exposure and conversions. 
Get in touch via email - Alex 
tel: +44 161 222 8655
mob: +44 7743 870 210 
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Posted by on in DentistGoneBadd

Improving the Dentist-Patient relationship the Loving way

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Posted by on in Tony Jacobs

Cometh the hour, cometh the man?

That phrase may be a cliche but where does the profession go from here? We have seen careful reaction in the form of a press release from GDC defending themselves against criticism, showing they are not totally thick skinned.

There has been action on all the UK dental websites, GDPUK has been busier then ever, and response to GDPUK has increased by 1061% within the last week.

Vereen Gupta's petition has over 11,500 signatures at the time of writing 

Prem Pal Sehmi's Facebook group has over 4000 likes, and many more are now "liking" the GDC's Facebook page. there must be several more strings of anger, please let me know and I'll add them to this blog.

GDPUK forum has several threads ongoing on this topic, with over thousands of readers and over 350 dentists posting.

But . . . . I think the binding together of all the strings of anger into a rope of action is where the profession is still lacking leadership. We need a person or a body to emerge which has great respect on all sides, and there needs to be practical leadership, not pie in the sky. This leadership has to take on the GDC, warn them or provide proof which makes the PSA or DH take serious action to regulate this out of control regulator.

Cometh the hour, cometh the man?

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Posted by on in Enamel Prism

Grateful thanks

Like many I am grateful for the services of the GDC. I pay the ARF secure in the knowledge that my patients are safe and the money well spent.

Presently though I feel I have more to thank them for than usual.  I hope my readers understand irony ...


Professional disunity?

Just when the state of the dental profession cannot look more perverse, the GDC have achieved something that the last 8 years of the DH and their man at the helm of the 2006 UDA disaster has failed to cause.

Numerous LDC Conferences calling for this and calling for that – the ever calm and serene profession of dentistry has just adapted and carried on.

Implosion at the BDA and barely an extra glass of claret was supped at the ripples on the water of our profession as calm discussion took place about politics.

A raft of daft changes came along such as the UDA system, the HTM document, the OFT report you all now the form – and we ranted for a few months but quietly took another blow to the body, absorbed the costs and “moved on”.

The public acknowledgement that the Contract Pilots have been a sham and that any changes to come will be merely prototype in nature and at least 2 years down the line.  Dentists have had a bit of a cough to their colleagues and carry on, “being busy”.

The dreadful farce of Foundation Dentists lacking places allied to their debt and many were heard to comment widely and indeed care deeply, but the rump of the profession have likely returned to their skate-like lying on the bottom.  “They’ll get by” we all thought. “Wouldn’t recommend it to my chidren” we muttered. Next please.

The CQC came over the horizon brandishing a large bill and a lot of empty folders and by and large we have paid the charge and filled the folders, only to carry as before doing what we do – meeting, greeting, interacting with & treating patients with their range of ailments and fears.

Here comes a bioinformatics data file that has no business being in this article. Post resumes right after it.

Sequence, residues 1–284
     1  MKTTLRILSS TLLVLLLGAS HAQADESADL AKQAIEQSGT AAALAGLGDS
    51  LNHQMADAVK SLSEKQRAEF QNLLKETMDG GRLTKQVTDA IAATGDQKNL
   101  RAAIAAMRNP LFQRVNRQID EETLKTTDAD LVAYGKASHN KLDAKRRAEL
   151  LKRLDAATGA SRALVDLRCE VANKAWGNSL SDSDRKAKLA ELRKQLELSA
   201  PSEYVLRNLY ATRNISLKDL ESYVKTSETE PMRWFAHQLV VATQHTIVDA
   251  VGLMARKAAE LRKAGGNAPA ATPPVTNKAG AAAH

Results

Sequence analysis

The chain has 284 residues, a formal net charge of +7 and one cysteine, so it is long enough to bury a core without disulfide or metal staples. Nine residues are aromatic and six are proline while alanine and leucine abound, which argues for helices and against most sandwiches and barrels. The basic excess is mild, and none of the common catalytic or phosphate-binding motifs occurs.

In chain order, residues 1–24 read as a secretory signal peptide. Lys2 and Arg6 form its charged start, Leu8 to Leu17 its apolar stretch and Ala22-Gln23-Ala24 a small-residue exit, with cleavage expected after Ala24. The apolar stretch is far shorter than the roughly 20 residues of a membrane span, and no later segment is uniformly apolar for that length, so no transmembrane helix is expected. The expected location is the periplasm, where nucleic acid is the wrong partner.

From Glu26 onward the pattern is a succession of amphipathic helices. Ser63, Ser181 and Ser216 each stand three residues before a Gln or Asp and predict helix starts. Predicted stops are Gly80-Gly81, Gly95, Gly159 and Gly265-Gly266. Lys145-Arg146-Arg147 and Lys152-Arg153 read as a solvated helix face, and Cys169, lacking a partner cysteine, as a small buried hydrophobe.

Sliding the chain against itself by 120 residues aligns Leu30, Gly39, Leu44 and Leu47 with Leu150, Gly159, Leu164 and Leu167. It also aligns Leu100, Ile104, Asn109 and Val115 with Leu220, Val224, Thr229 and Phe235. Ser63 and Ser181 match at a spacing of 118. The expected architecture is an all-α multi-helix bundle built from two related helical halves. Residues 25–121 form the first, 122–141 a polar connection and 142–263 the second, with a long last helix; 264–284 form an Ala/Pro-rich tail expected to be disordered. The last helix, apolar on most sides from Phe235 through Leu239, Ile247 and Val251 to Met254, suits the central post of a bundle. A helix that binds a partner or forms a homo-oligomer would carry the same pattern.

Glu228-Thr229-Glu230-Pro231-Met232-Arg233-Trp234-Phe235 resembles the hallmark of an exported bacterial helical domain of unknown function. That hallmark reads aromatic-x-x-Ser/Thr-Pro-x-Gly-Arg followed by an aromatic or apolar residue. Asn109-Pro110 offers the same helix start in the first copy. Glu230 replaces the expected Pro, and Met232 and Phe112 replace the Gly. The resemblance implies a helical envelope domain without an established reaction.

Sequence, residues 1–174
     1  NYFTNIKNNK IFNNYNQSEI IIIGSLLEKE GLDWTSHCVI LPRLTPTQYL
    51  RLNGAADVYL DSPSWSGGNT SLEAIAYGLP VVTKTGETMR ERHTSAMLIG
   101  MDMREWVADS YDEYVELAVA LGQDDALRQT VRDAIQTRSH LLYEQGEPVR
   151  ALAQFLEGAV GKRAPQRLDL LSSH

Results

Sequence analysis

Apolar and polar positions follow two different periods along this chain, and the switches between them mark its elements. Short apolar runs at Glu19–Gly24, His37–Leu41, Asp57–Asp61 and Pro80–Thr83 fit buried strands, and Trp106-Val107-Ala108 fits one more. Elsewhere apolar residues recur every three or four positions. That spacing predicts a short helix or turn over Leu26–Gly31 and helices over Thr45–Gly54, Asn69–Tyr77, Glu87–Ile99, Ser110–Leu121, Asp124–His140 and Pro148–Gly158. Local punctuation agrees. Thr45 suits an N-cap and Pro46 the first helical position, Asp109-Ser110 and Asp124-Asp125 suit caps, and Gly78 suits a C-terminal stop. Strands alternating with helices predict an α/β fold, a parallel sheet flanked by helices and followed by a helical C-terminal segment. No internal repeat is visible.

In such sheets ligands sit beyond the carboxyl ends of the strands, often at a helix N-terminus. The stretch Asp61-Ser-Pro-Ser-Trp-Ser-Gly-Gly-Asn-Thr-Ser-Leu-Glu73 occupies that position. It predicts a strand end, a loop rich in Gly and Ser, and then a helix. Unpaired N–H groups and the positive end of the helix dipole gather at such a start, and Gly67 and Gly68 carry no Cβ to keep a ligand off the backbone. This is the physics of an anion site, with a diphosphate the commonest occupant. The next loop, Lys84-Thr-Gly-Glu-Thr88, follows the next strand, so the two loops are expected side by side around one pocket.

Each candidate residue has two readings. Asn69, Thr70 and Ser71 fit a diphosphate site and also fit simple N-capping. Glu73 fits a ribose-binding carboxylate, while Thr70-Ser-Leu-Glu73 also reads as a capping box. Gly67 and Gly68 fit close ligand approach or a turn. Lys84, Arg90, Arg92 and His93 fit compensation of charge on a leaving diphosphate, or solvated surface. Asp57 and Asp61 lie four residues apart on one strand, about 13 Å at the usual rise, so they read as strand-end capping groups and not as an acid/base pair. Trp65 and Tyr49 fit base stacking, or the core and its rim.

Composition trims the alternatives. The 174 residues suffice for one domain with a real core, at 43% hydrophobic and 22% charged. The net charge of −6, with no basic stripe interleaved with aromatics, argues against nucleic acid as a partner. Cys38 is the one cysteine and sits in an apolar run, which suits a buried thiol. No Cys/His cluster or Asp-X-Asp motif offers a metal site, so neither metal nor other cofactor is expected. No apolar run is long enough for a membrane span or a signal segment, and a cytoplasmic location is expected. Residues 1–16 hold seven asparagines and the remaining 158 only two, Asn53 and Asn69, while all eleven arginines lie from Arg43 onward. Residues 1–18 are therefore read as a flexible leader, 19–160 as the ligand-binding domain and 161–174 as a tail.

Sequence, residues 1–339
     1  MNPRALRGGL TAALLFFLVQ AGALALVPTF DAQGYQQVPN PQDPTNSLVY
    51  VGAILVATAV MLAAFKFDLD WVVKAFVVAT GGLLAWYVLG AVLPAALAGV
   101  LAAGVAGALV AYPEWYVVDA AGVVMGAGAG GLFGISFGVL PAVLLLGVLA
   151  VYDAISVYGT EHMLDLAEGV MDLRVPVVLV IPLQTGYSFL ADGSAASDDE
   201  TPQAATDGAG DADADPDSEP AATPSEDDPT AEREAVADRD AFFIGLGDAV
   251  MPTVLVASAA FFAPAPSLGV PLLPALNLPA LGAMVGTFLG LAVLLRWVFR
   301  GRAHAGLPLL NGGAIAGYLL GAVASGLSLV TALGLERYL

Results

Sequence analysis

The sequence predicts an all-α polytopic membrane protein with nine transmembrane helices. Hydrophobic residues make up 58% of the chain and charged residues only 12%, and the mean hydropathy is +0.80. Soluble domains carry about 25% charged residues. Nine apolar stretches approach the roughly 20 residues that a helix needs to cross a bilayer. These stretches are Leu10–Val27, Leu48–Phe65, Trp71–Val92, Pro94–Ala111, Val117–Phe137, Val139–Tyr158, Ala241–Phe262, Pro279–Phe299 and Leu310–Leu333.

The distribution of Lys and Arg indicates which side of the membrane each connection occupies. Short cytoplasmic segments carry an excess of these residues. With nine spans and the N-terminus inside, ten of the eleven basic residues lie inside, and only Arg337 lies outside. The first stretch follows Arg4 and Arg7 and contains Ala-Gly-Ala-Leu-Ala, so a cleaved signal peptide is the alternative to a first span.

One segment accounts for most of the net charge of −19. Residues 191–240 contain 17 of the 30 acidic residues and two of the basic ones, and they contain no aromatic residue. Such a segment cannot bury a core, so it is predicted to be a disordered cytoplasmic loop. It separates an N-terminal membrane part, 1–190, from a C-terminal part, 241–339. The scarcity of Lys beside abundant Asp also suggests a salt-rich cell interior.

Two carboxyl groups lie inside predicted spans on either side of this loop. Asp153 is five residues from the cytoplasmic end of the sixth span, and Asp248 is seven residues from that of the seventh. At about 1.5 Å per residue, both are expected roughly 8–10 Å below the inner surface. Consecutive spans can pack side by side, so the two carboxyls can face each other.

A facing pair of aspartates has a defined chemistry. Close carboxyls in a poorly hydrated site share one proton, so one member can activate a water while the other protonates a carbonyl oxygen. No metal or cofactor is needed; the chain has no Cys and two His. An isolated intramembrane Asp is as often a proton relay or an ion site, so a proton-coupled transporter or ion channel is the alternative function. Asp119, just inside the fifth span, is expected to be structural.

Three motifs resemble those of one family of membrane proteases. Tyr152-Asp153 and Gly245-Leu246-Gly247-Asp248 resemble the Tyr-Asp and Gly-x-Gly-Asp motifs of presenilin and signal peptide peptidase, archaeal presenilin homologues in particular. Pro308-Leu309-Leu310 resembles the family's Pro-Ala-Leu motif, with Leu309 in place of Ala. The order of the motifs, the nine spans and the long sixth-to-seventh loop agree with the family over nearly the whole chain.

Incoming, incoming ...

But the GDC, in their proposed hike of the ARF to £945, allied to a comical  consultation so pre-determined as to be reminiscent of a past communist regime have caused the profession to both awaken and threaten to unite in a way never seen before.

Just when it was looking very interesting, the satellite of the GDC, the Dental Complaints Service fire their own salvo at the profession. The DCS may be “at arm’s length” and independent or so they claim – but they are wholly funded by the GDC, ergo our ARF’s – so how independent they are is, shall we say, somewhat debatable.

What effect was intended, I wonder when the DCS took a full page advert in the weekend colour magazine of the Daily Telegraph claiming to act on anything less than COMPLETE satisfaction for every patient.

I have a three letter acronym of my own - FFS!!


Professional unity?

Never in 35 years have I seen such united sentiment and anger, perhaps however more importantly associated with individual response and action. The electrons are red hot with e-mails, complaints and letters to MP’s and these bodies.  How ironic that when a patient complains about us, we are always assumed to be in the wrong. When we complain about these bodies, they are always correct and indeed learning. Is it just me? 


So, what now?

Well this is an unprecedented time, and it will call for unprecedented action.

Perhaps a mass sentiment requires a big organisation to coordinate a big response. There seems to be a widespread sentiment that the GDC has lost completely any confidence it may have had with the profession. Of course they will blandly point to some piece of biased research they did to show how well regarded they are. 

They may not realise but the rules have changed and the gloves are off. Big boys games demand big boys rules. And it is the GDC and the DCS who started this.

Who will rid us of this poison organisation, who will deal it a fatal blow, for it is a big monster and well protected by the armour of politics?

We must thank the GDC & DCS – the profession appears to have finally awoken, and if I am not mistaken, this time it is getting to its feet.

Interesting times with a little smoke of excitement.  Who will wager what we see next? I won’t!!

Have a good week, worker bees. Tootle pip.